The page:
Cost-share program helps farmers go organic

LETTUCE GROW ORGANICALLY: Several varieties of organic lettuce grow throughout the season at Thatchmore Farm in Leicester. The landscape fabric around the plants helps suppress weeds without the use of chemicals. Photo courtesy of Thatchmore Farm
LETTUCE GROW ORGANICALLY: Several varieties of organic lettuce grow throughout the season at Thatchmore Farm in Leicester. The landscape fabric around the plants helps suppress weeds without the use of chemicals. Photo courtesy of Thatchmore Farm

For Western North Carolina farmer Holly Whitesides, a U.S. Department of Agriculture cost-share program tipped the balance in favor of going organic. Thanks to the financial assistance she received, Against the Grain, her 20-acre farm near Boone, is now certified as both organic and biodynamic.

“The cost-share program encouraged us to go ahead and get certified,” she says. “It got us over that barrier of cost,” which can be “somewhat intimidating for new farms. Before you know if it’s going to be worth it, before you know if it’s going to improve your bottom line, there is that upfront cost.”

Whitesides got certified last year and was reimbursed for 75 percent of the roughly $800 she paid. Without that help, she says, she wouldn’t have applied for the certification.

Meanwhile, federal officials hope a recent administrative change will make the reimbursements as well as other support services more accessible to farmers. Effective March 20, the USDA’s Farm Service Agency offices have assumed primary responsibility for the popular program, which was previously managed by state departments of agriculture. The cost-share program covers up to $750 of organic certification costs and other services offered by the more than 2,100 FSA offices nationwide. There are 72 offices serving North Carolina’s 100 counties, including those in Marshall, Hendersonville, Waynesville, Franklin, Bryson City, Murphy, Spindale, Spruce Pine and Morganton.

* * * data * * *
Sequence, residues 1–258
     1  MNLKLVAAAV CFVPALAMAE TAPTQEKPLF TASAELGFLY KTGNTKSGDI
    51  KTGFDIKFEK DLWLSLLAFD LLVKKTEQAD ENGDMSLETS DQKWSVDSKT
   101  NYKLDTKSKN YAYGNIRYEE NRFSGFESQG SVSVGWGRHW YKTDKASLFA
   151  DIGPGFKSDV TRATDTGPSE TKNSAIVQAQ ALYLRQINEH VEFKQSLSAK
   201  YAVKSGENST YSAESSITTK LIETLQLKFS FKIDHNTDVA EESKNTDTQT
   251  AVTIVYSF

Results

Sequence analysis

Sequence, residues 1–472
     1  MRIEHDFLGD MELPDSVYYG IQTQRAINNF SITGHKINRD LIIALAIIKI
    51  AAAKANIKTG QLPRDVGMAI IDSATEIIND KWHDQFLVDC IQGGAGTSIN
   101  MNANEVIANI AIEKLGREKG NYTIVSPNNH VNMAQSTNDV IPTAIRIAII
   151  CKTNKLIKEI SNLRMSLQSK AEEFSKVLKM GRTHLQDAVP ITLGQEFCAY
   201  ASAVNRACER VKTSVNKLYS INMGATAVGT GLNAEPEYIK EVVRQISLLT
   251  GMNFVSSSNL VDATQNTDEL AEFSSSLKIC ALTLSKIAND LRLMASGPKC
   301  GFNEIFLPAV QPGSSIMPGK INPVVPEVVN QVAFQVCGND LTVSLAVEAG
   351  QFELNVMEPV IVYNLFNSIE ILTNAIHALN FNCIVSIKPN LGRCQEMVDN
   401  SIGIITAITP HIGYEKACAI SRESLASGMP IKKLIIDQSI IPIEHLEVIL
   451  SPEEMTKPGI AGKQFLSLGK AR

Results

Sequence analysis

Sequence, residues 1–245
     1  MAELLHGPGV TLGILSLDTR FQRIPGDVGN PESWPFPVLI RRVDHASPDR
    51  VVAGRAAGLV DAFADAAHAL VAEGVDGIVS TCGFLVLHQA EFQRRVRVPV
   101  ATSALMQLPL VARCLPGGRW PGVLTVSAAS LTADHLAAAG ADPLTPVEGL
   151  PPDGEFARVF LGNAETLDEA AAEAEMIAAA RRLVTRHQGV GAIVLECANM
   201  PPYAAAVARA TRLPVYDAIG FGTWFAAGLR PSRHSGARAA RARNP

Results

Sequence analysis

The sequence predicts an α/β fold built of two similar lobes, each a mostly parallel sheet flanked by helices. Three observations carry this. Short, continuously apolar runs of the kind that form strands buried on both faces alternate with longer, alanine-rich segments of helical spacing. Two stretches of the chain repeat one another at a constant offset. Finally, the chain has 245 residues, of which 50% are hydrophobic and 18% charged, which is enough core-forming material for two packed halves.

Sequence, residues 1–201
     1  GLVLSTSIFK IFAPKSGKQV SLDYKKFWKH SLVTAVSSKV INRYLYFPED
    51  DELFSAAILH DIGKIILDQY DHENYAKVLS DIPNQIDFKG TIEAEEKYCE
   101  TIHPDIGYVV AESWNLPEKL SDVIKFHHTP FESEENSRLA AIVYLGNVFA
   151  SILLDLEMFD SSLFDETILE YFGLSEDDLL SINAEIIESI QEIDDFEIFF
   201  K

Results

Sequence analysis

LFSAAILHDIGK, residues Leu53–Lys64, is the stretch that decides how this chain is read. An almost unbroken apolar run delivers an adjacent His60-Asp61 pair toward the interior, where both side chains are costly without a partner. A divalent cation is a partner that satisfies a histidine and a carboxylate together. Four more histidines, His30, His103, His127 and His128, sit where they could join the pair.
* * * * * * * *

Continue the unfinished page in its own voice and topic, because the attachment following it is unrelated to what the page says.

“USDA is committed to helping the organic sector grow and thrive through a wide variety of programs, and part of that commitment is making it easy for stakeholders to access our services,” FSA Administrator Val Dolcini said in a news release.

The change, he explained, “will provide a more uniform, streamlined process nationwide.” In addition, it will “give organic producers a chance to learn about other valuable USDA resources, like farm loans and conservation assistance, that can help them succeed.”

Even before the administrative change, interest in the program was growing. Between 2010 and 2015, total reimbursements increased by more than $1 million, and last year, for the first time ever, North Carolina had to ask the federal agency for more money to distribute to deserving applicants, notes marketing specialist Heather Barnes of the N.C. Department of Agriculture.

Risk management

That may be good news for WNC’s typically smaller farms. Charles Zink and Kelly Springs, both of whom head up local Farm Service Agency offices, say they’ve heard from farmers inquiring about the cost-share program in recent weeks. Zink is executive director of the Madison County FSA, which also serves Buncombe County, and Springs runs the agency’s Henderson County outpost.

“Scaling up and expanding into new markets comes with a lot of risk for small farmers,” notes Molly Nicholie, director of the Appalachian Sustainable Agriculture Project’s Local Food Campaign. “While a $500 to $800 discount may not seem significant for some, it can be a huge expense on top of all the other costs small farms are trying to manage. While organic certification can help differentiate their products in the marketplace and open up new opportunities for a farm, the support of cost-share programs can sometimes be the deciding factor in getting certified.”

Reimbursements can cover a wide range of items, including application fees, inspection costs, travel or per diem for inspectors, user fees, sales assessments and even postage. Beginning this year, transitional certification is also eligible for reimbursement.

Transition refers to the three-year period that farmland must be free of pesticides and nonorganic fertilizers before it’s eligible for organic certification. During that time, producers must use more expensive organic pesticides and fertilizers but can’t charge the higher prices certified organic produce typically commands.